In my previous post An ‘A’ player in ‘B’ team, I touched upon few options that one has when he’s put in an average to sub-standard team. One of the options was to leave for a better option.

As organizations, you want more and more ‘A’ players. They’re the guys, you can throw into any situation knowing that they’ll take care of it. They sniff opportunities when others are pondering over the problems. They bring energy and momentum even when situations seem dark and bleak.  Its hard anyway to find one, when you do.. letting them go is obviously not the wisest of  things to do.

Typically, they struggle in larger organizations because of all the politics/bureaucracy that precedes any decision making process. And the word ‘process’ itself is kind of a metaphor for killing innovation within the company. People are mostly rewarded for doing average work, not extra-ordinary things. It discourages a good talent to keep engaging himself in company’s growth and activities.

So, what do you do.. to retain them, and keep them engaged.

1. Give them some space.

2. Opportunities to innovate.

3. Accept failures.

4. More responsibilities to execute.

5. Provide them good team to nurture and guide.

6. At times, keep them away from the bureaucratic BS.

7. Pay well. Don’t restrict them to bands.

The list is not exhaustive, but certainly ample to help you retain him long enough. As is generally said, a good programmer can be ‘X’ times more productive than average one (with X ranging from 10 to 100.. and at times infinity too).

the new attrition problem..

Top companies are having a new attrition problem.. with start-ups. Many of their top developers, are choosing to work with smaller companies, even for lower pay (at times no pay). The primary reason being the challenge and innovation that comes along with being associated to a start-up.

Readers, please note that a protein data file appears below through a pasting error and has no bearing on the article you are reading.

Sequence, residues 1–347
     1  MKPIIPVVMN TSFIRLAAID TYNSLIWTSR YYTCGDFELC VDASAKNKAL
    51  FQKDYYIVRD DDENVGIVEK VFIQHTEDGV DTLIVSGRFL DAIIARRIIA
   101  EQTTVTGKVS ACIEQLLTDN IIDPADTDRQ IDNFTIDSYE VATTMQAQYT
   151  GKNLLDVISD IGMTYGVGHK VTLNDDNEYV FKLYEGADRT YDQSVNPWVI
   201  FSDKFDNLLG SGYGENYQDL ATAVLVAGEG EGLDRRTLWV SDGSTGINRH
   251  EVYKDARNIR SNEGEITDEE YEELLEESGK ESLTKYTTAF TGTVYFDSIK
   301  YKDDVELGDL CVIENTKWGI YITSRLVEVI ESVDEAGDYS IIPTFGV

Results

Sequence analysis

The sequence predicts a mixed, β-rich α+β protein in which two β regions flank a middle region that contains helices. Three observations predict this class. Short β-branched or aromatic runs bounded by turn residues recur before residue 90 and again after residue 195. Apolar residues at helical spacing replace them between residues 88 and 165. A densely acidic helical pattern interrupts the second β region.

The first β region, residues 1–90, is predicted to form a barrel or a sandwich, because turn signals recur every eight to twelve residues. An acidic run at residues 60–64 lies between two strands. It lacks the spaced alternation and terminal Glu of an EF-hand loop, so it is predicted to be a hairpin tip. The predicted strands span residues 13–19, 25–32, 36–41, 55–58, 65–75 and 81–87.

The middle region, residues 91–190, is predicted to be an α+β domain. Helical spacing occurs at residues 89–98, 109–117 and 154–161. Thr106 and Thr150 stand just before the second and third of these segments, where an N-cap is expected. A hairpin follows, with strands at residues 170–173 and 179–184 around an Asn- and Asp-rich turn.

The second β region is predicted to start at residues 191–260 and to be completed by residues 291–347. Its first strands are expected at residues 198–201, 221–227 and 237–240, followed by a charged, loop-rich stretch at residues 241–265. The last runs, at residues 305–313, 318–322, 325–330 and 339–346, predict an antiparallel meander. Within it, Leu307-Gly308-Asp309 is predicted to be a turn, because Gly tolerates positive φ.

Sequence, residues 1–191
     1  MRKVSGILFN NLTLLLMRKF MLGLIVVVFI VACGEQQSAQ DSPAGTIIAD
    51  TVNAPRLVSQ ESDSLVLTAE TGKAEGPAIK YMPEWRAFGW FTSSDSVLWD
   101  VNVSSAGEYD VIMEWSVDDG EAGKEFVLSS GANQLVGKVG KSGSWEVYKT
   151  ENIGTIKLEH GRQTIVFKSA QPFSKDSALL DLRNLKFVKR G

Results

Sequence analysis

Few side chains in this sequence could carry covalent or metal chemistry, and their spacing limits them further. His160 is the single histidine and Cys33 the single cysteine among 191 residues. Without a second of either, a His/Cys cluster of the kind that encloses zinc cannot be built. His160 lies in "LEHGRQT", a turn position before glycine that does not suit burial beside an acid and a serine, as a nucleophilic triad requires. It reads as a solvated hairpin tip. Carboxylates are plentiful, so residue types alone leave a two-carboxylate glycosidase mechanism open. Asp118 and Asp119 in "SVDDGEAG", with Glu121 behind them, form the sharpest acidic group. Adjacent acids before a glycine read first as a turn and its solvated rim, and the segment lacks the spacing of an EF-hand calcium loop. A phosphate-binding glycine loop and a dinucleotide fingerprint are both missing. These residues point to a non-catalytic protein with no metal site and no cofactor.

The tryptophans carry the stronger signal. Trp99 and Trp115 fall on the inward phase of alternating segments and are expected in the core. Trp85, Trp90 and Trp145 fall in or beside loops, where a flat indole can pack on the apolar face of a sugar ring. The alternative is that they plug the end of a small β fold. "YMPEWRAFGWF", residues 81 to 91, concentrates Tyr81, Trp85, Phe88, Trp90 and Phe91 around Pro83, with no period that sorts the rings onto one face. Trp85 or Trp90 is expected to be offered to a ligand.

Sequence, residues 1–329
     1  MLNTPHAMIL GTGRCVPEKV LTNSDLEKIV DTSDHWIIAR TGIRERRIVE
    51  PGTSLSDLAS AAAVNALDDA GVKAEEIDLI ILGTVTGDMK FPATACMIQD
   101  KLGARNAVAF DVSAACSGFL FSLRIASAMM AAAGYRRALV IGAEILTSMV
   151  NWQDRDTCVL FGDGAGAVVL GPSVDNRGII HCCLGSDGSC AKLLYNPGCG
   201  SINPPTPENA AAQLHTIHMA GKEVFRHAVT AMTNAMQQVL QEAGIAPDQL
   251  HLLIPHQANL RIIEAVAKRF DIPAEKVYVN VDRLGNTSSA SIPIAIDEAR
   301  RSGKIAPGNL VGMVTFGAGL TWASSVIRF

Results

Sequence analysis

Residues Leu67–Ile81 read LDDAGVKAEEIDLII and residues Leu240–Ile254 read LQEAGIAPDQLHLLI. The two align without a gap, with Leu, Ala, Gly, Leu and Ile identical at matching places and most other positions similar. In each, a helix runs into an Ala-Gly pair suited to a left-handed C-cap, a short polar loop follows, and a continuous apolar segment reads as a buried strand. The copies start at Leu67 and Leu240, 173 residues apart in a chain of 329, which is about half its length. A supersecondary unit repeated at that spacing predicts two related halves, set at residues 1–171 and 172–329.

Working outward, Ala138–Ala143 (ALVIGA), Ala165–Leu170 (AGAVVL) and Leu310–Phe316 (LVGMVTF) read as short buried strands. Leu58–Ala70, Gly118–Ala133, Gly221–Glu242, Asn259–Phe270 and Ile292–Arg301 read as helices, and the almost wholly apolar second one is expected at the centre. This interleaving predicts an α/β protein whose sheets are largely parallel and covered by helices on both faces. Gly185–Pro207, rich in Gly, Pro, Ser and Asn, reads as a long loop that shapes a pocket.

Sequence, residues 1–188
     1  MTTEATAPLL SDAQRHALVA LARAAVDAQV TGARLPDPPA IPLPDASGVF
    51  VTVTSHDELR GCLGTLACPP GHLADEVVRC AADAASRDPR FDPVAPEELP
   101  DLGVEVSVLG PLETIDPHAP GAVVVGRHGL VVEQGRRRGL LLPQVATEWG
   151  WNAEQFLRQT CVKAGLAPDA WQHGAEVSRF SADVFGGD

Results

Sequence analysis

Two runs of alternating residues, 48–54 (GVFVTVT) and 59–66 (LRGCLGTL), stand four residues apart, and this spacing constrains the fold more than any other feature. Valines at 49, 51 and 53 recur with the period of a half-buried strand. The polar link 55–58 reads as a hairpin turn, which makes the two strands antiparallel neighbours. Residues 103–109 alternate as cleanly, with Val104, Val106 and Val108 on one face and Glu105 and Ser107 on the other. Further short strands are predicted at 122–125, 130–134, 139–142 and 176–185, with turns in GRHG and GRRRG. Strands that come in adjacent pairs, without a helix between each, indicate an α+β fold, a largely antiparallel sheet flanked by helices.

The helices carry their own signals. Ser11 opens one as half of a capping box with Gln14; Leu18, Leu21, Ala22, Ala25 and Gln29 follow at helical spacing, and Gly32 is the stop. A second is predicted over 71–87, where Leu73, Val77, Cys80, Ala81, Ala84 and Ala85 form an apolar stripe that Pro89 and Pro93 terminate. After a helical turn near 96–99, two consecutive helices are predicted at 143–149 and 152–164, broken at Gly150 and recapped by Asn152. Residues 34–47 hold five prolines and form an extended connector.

This is not really a problem, actually.

They’re creating a brand for you. And, at the rate that start-ups fail, may always come back too. In either case, they’re an asset to your organization, irrespective of whether they’re with you or not.

1. They increase your brand value (for developers)

It tells other developers that this is the company that gives enough confidence to be able to start on your own. After my first start-up, I was looking for a company where I could feel more at home. I chose Thoughtworks at that time, specifically for the same reason. The culture, thought process and perception is very entrepreneurial. That is the reason I could take the plunge again into starting up. Had that not been the case, I’d have worked at an uninspiring place, killing most of what confidence and imagination, I had left at that time.

2. They form the ‘culture’ within the organization

Entrepreneurial behavior is very contagious. People who exhibit those behavior tend to be leaders. They inspire, motivate, act accordingly and form the basis of your org culture. They drive innovation at workplace and positivity just oozes out of their personality. All these traits are not bad to have in an organization.

3. They’re resourceful and get stuff done

Goes without saying. They might not be the smartest employees but they’ll certainly get stuff done. All they’d require is some autonomy and space to execute things.

4. When they go out, they spread the word.

An organization could actually boast themselves of the number of entrepreneurs they’ve produced. Many of the top management and technical institutions also struggle to state that.

In all, if people are leaving you to start their own companies.. don’t stop them. In fact, encourage them to do so. Create that as a norm and you’ll see the effects in your regular day to day transactions too.

Extending the Joel Test..

I’m sure everyone’s read The Joel Test. Its a very scratchy and effective way to know the quality of a software team. The article is about a decade old and primarily focuses on the technical aspects of a software team. In spite of its age, it is very relevant to companies in the current era too. If you’re looking to join a software company, its handy to have this checklist and use it to measure the team’s quality.

Overtime, I thought of few more things that could be appended to the list.. Here is the list, with few things repeated from the Joel test..

  • What are the programming languages you work on? Which one is the most predominant?
  • Laptop or Desktop system?
  • Configuration?
  • How frequently do you make builds?